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    Quote Originally Posted by Quilt Mom
    Thanks, Patrice! Well said.
    yes, thanks

  21. #21
    Community Manager PatriceJ's Avatar
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    Quote Originally Posted by sewcrafty
    That's interesting, I'm doing a quilt for my sister. The center is a watercolor (went to a class and taught this techq.), machine applique of my own, plus a border of twisted ribbon and then finishing with another border (probably a scallop, not decided yet). So I've put a number of different techiques, styles, etc. does this make it my own or copywrited because of the watercolor center? Also, what if I sit down and draft up something original to me that's been done before?
    techniques can't be copyrighted. they must be patented in order to be protected.

    if the watercolor in the center of your quilt was made from somebody else's pattern then you can't copyright the whole quilt as your own design. if any other part of your quilt contains elements of somebody else's unique, copyrighted design, then you can't claim the resulting design as your own. if you designed your own center using the technique you learned, and also made up the rest as you went along, then it's yours.

  22. #22
    Super Member mary quite contrary's Avatar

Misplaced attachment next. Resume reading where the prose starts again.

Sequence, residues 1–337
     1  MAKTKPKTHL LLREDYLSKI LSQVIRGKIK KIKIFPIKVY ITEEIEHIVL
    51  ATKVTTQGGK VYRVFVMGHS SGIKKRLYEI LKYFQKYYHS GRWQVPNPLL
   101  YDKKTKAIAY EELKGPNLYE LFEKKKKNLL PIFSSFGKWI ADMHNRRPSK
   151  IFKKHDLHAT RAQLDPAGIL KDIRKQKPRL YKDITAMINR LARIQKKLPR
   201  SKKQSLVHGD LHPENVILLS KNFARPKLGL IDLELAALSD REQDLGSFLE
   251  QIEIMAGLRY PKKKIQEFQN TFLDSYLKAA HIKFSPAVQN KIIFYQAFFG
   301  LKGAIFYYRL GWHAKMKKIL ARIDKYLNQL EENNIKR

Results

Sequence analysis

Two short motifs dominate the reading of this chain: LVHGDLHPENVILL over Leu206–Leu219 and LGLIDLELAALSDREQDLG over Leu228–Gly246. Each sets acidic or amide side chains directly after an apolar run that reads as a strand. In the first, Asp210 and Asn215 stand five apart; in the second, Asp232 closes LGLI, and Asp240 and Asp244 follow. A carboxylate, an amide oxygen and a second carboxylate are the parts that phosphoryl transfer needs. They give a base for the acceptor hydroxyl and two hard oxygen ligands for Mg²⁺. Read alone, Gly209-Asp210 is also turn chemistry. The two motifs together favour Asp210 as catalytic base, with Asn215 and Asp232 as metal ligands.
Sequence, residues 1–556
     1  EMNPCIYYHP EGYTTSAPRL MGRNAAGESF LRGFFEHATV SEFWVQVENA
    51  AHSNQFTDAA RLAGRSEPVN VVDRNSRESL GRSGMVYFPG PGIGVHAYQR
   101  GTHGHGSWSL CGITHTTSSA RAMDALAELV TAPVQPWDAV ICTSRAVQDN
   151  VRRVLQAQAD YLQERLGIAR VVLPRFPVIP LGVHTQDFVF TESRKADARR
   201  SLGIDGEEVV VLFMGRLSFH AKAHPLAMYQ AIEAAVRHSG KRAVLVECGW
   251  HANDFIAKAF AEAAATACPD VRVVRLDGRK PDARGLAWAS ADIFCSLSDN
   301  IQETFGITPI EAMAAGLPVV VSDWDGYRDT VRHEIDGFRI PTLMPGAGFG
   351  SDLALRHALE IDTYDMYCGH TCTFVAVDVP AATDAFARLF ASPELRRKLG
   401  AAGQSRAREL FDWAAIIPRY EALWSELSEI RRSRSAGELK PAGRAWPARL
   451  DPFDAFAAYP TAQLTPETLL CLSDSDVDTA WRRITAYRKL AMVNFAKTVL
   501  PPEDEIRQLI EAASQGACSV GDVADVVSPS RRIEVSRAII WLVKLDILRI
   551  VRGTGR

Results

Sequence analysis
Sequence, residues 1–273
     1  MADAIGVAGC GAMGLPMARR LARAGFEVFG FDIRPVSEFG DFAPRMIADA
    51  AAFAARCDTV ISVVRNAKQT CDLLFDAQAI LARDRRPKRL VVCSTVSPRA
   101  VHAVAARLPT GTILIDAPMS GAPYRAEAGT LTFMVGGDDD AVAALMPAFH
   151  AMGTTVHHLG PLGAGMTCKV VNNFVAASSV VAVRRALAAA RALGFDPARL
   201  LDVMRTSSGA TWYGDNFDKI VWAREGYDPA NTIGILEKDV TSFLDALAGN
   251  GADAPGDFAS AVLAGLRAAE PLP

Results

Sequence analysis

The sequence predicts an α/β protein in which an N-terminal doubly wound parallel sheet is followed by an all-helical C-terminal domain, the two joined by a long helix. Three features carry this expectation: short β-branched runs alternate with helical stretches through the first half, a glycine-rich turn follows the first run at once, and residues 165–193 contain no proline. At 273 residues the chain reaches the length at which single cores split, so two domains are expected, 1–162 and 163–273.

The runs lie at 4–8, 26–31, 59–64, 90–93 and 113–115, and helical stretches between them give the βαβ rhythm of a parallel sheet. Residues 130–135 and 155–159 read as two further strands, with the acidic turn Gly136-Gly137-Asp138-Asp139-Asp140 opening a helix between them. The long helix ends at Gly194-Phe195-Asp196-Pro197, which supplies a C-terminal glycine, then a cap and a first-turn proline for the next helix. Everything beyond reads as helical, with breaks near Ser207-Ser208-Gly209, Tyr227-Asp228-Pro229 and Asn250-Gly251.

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    I think I understand the copyright of the pattern itself. I have a question about the quilt I make from said pattern. Can I sell a quilt made from a copyrighted pattern?

    Thanks

  23. #23
    Senior Member ligia's Avatar
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    Interesting subject.
    I think the internet will in time make some concepts void.

    Earlier today I happened to visit a page by chance where I
    found something for free I knew from somewhere else as an original pattern.
    Who had first the idea of that same representation ?
    Most likely both designers took it from a 1800's quilt.
    Was it posted before or after someone else had the pattern
    copyrighted ?

    Just my two confused cents.

  24. #24
    Power Poster dunster's Avatar
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    Quote Originally Posted by ligia
    Interesting subject.
    I think the internet will in time make some concepts void.

    Earlier today I happened to visit a page by chance where I
    found something for free I knew from somewhere else as an original pattern.
    Who had first the idea of that same representation ?
    Most likely both designers took it from a 1800's quilt.
    Was it posted before or after someone else had the pattern
    copyrighted ?

    Just my two confused cents.
    It sounds like the two patterns you saw were written by different people to describe the same design, but the design was in the public domain? That's fine, no violation of any copyright.

  25. #25
    Power Poster dunster's Avatar
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    Quote Originally Posted by mary quite contrary
    I think I understand the copyright of the pattern itself. I have a question about the quilt I make from said pattern. Can I sell a quilt made from a copyrighted pattern?

    Thanks
    My understanding is that if you own a pattern, you have the right to make quilts from that pattern, and since you own those quilts you can sell them. (This wouldn't extend to mass production.) But I would be interested in hearing if someone has information to the contrary. I know that when my guild wanted to make a raffle quilt from a pattern in a magazine they asked for permission first (which may not have been necessary, but it was nice anyway).